Ben received an A.B., summa cum laude, in Philosophy and Mathematics from Harvard College in 1996, where he was elected to Phi Beta Kappa, and a J.D., magna cum laude, from Harvard Law School in 1999, where he was an editor of the Harvard Law Review. During law school, Ben was a summer associate at Cravath. After graduating, he clerked for the Honorable Stephen F. Williams of the U.S. Court of Appeals for the DC Circuit and for the Honorable David H. Souter of the U.S. Supreme Court.

Ben served as an assistant U.S. attorney in the Criminal Division of the U.S. Attorney’s Office for the Southern District of New York from 2002-2008. He joined Cravath in 2008 and became a partner in 2012.

Ted Chung, Partner
Jones Day

Describe your practice area and what it entails.

Clients come to Jones Day’s Investigations and White Collar Defense practice for a variety of reasons. Sometimes they approach us after being contacted by law enforcement authorities or regulators. They seek our guidance on how to interact with these officials and request our help in defending against potential or actual criminal, administrative, and/or civil claims.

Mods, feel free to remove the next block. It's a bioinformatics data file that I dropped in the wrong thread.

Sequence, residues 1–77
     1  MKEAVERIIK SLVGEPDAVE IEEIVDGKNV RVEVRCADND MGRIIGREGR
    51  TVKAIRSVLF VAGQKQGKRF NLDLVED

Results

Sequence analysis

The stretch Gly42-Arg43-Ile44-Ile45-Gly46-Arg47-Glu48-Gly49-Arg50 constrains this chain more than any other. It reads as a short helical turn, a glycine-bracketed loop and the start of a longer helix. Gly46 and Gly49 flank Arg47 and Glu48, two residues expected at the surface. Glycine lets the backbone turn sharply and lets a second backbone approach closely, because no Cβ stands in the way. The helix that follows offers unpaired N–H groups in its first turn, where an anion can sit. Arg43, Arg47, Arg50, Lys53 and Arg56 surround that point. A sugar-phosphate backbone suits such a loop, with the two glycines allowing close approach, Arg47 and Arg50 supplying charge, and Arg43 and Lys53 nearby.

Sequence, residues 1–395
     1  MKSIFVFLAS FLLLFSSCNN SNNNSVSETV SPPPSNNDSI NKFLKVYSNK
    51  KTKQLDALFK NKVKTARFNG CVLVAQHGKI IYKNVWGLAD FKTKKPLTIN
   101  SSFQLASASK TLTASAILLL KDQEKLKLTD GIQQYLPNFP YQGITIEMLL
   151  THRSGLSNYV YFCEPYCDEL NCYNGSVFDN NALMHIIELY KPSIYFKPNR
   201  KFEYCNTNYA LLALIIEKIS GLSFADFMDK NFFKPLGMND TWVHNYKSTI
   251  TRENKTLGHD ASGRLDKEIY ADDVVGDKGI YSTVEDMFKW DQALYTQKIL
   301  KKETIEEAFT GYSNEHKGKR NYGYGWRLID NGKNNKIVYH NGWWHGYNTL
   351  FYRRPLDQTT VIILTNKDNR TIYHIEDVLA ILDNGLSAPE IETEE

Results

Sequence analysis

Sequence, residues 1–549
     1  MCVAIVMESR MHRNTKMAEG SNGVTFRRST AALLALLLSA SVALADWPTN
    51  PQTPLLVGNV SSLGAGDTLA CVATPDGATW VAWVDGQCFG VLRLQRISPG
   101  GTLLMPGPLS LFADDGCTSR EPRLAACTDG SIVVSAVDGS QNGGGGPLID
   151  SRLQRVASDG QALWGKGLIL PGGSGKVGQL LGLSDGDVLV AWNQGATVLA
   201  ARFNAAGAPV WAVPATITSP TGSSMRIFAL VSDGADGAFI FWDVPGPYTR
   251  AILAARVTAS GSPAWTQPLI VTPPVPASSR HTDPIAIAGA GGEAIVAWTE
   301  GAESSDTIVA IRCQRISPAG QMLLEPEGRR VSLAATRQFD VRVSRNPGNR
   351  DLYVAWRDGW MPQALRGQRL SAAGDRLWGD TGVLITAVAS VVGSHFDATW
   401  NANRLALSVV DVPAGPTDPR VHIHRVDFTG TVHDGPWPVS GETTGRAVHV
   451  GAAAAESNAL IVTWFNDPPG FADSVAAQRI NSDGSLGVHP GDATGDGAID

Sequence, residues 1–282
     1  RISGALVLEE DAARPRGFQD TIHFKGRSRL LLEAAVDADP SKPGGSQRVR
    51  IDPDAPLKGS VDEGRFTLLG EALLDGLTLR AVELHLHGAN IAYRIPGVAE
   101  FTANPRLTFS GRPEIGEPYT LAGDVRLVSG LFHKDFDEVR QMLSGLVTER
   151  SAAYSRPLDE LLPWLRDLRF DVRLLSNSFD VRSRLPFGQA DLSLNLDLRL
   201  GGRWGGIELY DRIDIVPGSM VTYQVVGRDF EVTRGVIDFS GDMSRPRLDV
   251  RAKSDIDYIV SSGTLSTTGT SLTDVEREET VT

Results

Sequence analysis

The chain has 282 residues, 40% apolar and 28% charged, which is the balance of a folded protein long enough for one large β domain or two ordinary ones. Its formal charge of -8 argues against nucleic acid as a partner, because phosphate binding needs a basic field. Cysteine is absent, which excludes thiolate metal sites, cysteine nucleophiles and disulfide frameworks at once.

Other times, clients have received allegations of misconduct and want our lawyers to investigate the allegations. And, as is increasingly the case, companies also seek out Jones Day for help in evaluating and enhancing their compliance programs and mitigating legal, financial, and reputational risks.

We help our clients in all such situations by gathering facts, conducting legal analyses, and providing strategic and legal advice, among other things.

What types of clients do you represent?

We represent both companies and individuals. Many of our corporate representations are on behalf of large, multinational businesses—both publicly held and private. We represent companies in virtually every industry and with respect to issues and conduct across the globe. Our clients include a number of the largest businesses in the world. We also represent smaller enterprises. From time to time, we represent corporate executives and other individuals. We typically do so in connection with corporate internal investigations and/or government investigations or prosecutions.

What types of cases/deals do you work on?

We work on a wide variety of investigations and white collar matters. Jones Day lawyers have handled some of the most significant white collar matters in recent history. Many of our internal corporate investigations arise out of whistleblower complaints, alleging that employees engaged in some form of misconduct.